Monday, February 24, 2014

Google Drive - a Teacher's Experience

     During the first quarter of this school year, I kept my grades in an Excel file on a USB Flash drive. I made some copies on my hard-drive, but at one point I became complacent, and only saved on the USB drive. I was given a Macbook Pro to use, as part of the Technology program at my school. One day, I unplugged the USB drive while the computer was sleeping (without  closing out of the drive first). Quite a few of the USB files, including the ones I had been saving grades on became corrupted, and I could not access them again. Fortunately, I did not lose all of my grades.
    Meanwhile, I had begun using my district provided Gmail account exclusively. I also began using Google Drive, especially for students Specifically, I had students type up documents on their district-provided Google drive accounts, so that I did not have to teach them how to Save files and retrieve them. I like that Google automatically saved the students' work. Plus, I could see and retrieve the "Revision History" for students' work. I had one student who was really upset (in tears), because he could not find his file. Fortunately, he typed it in Google drive, and everything was found and restored.
   At the end of the first quarter, I decided to start saving my grades on Google drive, in a spreadsheet. It has done all of the math that I would expect from an Excel file. The great thing is, I don't have to worry about corrupted files or losing work. There was one day when Google experienced some outages, but none of my documents were affected.
   Overall, I have really enjoyed using Google Drive this year. I have expanded to incorporate 2 scripts that make using Drive as a teacher ever easier, and more manageable: gClassFolders and Doctopus. I can create assignments for students (similar to making copies for each student). Plus, any file students create in their Assignment folder is automatically shared with me.
   The people who enjoy Google Drive even more than I have, is my students. They want to type up their writing. They treat the Comment feature as Chat, which is neat for me, as I can monitor these statements. A few of my students have discovered the Presentations aspect of Google of their own.
   Now, I am beginning to thinking of sharing the action based research I have been doing about Spelling Tests. I am thinking that it's time for me to check out Google Drive Presentations for this. Maybe I need to have my students teach me how to use this :).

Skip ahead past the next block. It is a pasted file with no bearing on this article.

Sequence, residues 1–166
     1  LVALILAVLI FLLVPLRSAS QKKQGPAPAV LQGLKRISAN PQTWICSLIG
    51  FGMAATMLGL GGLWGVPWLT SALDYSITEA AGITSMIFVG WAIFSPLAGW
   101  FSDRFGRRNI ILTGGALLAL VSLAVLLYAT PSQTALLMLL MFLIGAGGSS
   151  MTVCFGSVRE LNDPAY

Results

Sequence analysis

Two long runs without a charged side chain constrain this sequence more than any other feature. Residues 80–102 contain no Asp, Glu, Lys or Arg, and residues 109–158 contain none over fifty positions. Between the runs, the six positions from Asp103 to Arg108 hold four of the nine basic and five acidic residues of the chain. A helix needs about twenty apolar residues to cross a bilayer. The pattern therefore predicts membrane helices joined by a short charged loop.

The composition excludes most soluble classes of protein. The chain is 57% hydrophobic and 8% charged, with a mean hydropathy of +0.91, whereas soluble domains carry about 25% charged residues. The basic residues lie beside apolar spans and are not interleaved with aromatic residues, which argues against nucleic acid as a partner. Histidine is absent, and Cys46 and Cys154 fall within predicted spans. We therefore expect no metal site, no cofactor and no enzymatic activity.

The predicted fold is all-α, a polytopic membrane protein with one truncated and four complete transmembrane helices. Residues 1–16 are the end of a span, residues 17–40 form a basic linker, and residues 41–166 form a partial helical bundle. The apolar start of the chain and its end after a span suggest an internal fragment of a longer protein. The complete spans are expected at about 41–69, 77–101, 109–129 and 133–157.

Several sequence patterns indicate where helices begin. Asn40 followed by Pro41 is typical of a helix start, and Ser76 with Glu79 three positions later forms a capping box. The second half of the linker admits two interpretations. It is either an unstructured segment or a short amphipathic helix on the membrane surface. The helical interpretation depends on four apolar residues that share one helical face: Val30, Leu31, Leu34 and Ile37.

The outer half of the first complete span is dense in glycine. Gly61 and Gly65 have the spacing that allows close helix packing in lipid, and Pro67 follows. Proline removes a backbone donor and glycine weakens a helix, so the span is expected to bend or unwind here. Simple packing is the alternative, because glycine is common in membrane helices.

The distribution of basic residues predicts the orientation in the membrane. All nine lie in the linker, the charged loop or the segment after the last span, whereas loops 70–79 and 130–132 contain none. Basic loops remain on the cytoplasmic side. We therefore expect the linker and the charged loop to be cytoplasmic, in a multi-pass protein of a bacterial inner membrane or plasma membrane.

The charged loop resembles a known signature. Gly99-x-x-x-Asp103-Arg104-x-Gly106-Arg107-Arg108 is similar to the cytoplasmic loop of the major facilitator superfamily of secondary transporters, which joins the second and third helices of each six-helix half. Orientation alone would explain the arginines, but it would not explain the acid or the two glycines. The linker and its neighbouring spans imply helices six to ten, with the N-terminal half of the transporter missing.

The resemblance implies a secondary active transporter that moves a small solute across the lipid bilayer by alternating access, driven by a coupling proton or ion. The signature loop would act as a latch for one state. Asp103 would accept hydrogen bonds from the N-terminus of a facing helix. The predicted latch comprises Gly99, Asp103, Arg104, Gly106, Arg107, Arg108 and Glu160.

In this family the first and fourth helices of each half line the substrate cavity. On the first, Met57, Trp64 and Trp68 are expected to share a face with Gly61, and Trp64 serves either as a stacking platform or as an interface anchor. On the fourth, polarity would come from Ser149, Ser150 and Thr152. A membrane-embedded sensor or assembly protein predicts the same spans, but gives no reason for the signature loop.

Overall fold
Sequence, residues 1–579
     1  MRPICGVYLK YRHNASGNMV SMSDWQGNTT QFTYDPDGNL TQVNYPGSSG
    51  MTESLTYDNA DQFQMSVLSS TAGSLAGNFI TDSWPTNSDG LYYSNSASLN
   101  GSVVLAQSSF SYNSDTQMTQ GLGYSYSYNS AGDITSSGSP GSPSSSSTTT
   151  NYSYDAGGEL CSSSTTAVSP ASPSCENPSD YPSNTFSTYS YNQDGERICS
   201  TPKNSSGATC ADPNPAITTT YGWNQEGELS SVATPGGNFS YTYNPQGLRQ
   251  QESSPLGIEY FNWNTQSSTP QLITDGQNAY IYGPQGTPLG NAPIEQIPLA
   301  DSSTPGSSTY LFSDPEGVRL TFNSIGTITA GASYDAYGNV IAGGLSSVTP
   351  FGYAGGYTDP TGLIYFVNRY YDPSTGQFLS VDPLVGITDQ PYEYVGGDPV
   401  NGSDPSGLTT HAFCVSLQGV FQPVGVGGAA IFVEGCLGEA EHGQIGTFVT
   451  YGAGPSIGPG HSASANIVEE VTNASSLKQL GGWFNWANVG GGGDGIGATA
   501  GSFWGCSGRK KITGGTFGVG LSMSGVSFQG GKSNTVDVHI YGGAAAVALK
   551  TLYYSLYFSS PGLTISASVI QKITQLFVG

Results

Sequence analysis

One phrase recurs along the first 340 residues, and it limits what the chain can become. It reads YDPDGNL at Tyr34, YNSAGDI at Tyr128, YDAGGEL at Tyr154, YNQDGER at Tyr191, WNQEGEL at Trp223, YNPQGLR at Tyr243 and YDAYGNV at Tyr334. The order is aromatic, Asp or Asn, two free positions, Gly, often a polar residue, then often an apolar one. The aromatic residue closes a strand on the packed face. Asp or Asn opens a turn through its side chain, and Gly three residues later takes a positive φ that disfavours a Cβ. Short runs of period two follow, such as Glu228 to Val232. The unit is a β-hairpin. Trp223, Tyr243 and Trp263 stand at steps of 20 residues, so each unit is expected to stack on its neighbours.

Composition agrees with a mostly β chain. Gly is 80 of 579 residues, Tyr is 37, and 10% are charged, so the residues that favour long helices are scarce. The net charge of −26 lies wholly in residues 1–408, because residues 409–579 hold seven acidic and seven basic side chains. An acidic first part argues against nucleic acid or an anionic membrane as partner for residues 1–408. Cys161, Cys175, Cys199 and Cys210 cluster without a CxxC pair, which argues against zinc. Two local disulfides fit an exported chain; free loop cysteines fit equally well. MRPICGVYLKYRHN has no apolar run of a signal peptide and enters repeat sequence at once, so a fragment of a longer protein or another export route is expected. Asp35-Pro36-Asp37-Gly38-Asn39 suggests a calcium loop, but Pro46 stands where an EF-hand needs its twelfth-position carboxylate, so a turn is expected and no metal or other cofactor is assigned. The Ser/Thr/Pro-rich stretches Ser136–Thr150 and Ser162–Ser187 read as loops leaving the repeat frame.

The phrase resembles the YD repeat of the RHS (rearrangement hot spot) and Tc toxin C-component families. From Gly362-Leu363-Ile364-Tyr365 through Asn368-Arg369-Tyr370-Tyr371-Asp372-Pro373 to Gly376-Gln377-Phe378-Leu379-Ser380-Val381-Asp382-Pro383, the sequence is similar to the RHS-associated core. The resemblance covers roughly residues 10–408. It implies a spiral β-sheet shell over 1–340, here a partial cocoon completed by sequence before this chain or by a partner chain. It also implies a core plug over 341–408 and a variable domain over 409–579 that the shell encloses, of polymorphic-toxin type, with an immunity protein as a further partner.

I am going to see if Google Spreadsheets have the ability to create Frequency Tables and Line Plots to share the data I've collected. I'm off to check that out...

Spelling Research Update

     By Christmas break, I realized students were not increasing their spelling levels simply by studying words without the pressure of a weekly spelling test. My research showed that students were actually beginning to LOSE spelling skills that they had previously mastered- misspelling words they had previously gotten right. Something needed to change. I did not want to continue my research, or lack of spelling tests, as I began to feel this was detrimental to the students' learning.
    At the same time, I was beginning to lose faith in the Words Their Way Spelling program. I like the concept overall of sorting words and teaching students spelling patterns. However, I think when I grouped students according to their spelling ability, I was putting the students who were my most struggling spellers at a disadvantage, because I was not exposing them to grade-level words. Instead, this "smacked of tracking." The students who came in low would continue to be lower than their counterparts, even if they were exposed to spelling patterns and even if they improved their personal best score.
   I decided to implement Spelling pre-tests and post-tests using lists provided in the Storytown curriculum. One thing I like about the Storytown curriculum is that it does group the words by pattern, and includes a sorting activity each week. For about a month now, I have been doing the pre-tests and post-tests, but I have not been doing the sorting activity. I have been integrating the use of Spelling City for about half an hour each week as well.
   Already, I can see an increase in my students' spelling abilities, between the pre-test and post-test each week. The first week I implemented a pre-test, one of my students came up to me crying because she missed 22 words, out of 25. I encouraged her and said that if she studied, by the end of the week, she would get the words all right. It's been almost two months now, and that same student just got 24 out of 25 words right on the recent post-test. She is invested in studying the words for homework, and it is paying off in her spelling in context as well.
   A few of the parents were really excited when I said I was not doing weekly spelling tests. Others were wary of the idea and had their children take spelling tests at home as part of their homework assignment. My biggest revelation is that students who consistently do their homework and have supportive parents pushing them, achieve better spelling scores and perform better in school overall.
Alas, not all of our students come from supportive homes, therefore we must push them as teachers.
   That is another change I have implemented in the last two months- students who do not complete their spelling homework for the previous week must stay in from recess and write the NEW spelling words 3 times each. Holding students accountable is a priority in helping them succeed.